Today’s political headlines includes The Times’ claim that May will resign tomorrow, cabinet ministers angered by second referendum offer and the postponement of the no-deal debate, and Greg Clark’s plans to rescue British Steel.
May to resign tomorrow
The Times claims that Theresa May will announce her resignation tomorrow, having seen off an attempt to force her to resign last night. She is instead expected to confirm her departure after meeting Sir Graham Brady, Chair of the 1922 Committee of backbench Tory MPs on Friday. The leader of the House of Commons, Andrea Leadsom, resigned last night, claiming that May’s approach did not ‘deliver on the referendum result’. Some Cabinet ministers believe that May’s offer on a second referendum went further than agreed.
Cabinet ministers concerned about second referendum offer
The Daily Telegraph has seen the clause on a second referendum in the proposed Withdrawal Agreement Bill, which would provide for a legally binding amendment on holding such a vote to be voted on by MPs. One Cabinet minister told the paper that the bill was a ‘complete disaster’; another said it was a ‘catastrophe’.
Cabinet ministers angered as no-deal debate postponed
In an exclusive, The Sun says Cabinet ministers have been angered by Theresa May’s decision to postpone a debate on no-deal until after the parliamentary recess. She argued that a no-deal Brexit would threaten the future of the UK and increase its vulnerability to terrorists, despite a plea for more contingency planning from Brexit Secretary Stephen Barclay.
Greg Clark draws up plan to rescue British Steel
According to the Financial Times, Business, Energy and Industrial Strategy Secretary Greg Clark has created a rescue plan for British Steel, which entered insolvency yesterday. Under the plan the Government would act as a cornerstone investor alongside a private consortium. He has requested legal advice on whether it is compatible with state aid rules.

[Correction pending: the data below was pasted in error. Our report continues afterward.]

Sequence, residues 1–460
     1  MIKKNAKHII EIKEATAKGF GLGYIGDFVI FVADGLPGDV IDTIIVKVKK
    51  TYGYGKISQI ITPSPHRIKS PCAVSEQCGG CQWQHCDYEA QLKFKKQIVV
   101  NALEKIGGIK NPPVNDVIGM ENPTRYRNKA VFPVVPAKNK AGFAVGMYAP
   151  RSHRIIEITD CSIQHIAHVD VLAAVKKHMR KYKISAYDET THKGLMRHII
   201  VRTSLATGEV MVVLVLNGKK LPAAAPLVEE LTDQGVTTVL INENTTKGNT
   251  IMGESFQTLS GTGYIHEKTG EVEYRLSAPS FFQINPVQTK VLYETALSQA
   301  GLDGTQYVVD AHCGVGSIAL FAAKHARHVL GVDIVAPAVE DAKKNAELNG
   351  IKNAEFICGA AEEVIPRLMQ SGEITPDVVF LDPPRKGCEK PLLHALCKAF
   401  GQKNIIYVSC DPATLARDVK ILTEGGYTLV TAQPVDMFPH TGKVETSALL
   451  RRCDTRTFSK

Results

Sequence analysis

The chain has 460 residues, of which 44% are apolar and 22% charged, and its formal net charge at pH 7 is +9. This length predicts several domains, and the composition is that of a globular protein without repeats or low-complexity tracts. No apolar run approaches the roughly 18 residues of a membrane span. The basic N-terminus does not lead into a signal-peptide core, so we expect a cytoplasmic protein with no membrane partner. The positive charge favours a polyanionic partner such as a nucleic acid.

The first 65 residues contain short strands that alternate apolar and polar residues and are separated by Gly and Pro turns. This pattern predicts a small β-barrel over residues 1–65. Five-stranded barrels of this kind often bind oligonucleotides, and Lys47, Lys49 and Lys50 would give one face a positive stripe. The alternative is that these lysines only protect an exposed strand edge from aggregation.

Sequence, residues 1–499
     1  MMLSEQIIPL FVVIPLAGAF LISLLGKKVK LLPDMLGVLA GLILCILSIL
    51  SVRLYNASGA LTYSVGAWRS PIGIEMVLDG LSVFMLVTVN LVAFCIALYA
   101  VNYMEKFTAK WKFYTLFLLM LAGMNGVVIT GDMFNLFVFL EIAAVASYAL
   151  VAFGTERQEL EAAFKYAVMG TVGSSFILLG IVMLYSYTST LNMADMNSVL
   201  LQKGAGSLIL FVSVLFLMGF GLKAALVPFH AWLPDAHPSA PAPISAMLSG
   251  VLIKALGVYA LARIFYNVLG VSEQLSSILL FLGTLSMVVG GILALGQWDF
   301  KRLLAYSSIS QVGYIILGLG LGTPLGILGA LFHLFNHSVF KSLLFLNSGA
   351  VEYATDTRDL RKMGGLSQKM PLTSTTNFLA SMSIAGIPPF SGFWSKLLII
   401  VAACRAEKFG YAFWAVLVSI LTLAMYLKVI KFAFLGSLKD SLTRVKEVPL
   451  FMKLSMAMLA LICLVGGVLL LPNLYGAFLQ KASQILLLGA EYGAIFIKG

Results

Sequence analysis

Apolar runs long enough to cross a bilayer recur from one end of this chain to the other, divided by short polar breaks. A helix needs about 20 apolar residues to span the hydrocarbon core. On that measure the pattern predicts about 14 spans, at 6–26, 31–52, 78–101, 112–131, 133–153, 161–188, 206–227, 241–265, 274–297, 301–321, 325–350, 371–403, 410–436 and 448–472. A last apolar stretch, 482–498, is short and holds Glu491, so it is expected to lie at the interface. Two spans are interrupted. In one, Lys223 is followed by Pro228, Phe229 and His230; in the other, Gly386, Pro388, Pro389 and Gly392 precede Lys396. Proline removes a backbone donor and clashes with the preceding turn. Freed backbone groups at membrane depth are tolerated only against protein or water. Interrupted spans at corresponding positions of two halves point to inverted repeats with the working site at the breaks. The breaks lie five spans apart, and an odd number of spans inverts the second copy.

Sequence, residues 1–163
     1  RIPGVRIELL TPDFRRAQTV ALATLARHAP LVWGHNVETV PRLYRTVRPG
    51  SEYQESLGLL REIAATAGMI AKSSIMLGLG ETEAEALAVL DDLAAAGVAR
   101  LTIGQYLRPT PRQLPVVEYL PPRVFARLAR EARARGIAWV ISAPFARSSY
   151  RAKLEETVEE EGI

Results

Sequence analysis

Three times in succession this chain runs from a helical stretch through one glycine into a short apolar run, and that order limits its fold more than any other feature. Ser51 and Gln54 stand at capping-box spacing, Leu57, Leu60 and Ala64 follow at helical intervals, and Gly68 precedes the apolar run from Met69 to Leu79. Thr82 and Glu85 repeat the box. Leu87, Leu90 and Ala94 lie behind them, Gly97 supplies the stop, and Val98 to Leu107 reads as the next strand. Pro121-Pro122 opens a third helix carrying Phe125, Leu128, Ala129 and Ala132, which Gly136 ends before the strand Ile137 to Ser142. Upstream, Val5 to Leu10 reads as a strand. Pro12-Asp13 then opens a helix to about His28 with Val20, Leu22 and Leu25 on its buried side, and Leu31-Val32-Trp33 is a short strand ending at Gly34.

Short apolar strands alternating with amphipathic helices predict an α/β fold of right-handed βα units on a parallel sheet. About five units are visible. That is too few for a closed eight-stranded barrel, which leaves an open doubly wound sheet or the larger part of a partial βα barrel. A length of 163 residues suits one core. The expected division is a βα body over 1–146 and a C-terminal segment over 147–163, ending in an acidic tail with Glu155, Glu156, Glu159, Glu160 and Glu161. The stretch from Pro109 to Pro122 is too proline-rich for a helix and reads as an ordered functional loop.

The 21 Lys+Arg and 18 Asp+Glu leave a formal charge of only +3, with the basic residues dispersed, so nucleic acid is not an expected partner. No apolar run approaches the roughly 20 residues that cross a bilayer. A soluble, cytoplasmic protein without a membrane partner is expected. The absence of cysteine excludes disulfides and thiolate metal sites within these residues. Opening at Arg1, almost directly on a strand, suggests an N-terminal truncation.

Allen threatened to resign in row over endorsing Lib Dems
The Guardian reports that Change UK leader Heidi Allen has told Channel 4 that she threatened to resign over an argument within the party about endorsing voting tactically for the Liberal Democrats in regions outside London and the South East. While Sarah Wollaston reportedly also agreed with this strategy, others did not.
Extra cash for teachers in deprived areas
The Times says the Government will give maths and physics teachers an extra £2000 to work in deprived and remote areas to tackle problems with recruiting and retaining teachers. The new move will be announced by Schools Minister Nick Gibb today, as part of a pilot. He said that the Government wanted ‘to continue to attract the brightest and best graduates’.
Senior soldier intervenes in debate over prosecuting veterans
The Daily Mail says that the most senior non-officer in the British Army, Warrant Officer Class One Glenn Haughton has intervened in the debate over prosecutions of veterans, saying that soldiers should be protected from ‘harassment’ and wanted to defend the UK ‘without fear of potential investigations in the years that follow’.
Ofcom rules could constrain reporting of political crisis
The Daily Telegraph says Ofcom rules about reporting during elections will restrain broadcasters’ reporting on the ongoing political crisis. Under the rules, ‘discussion and analysis of election and referendum issues must finish’ when polls open. A source said if Theresa May resigned today, broadcasters must ‘cover it in a way that didn’t sway the vote’.
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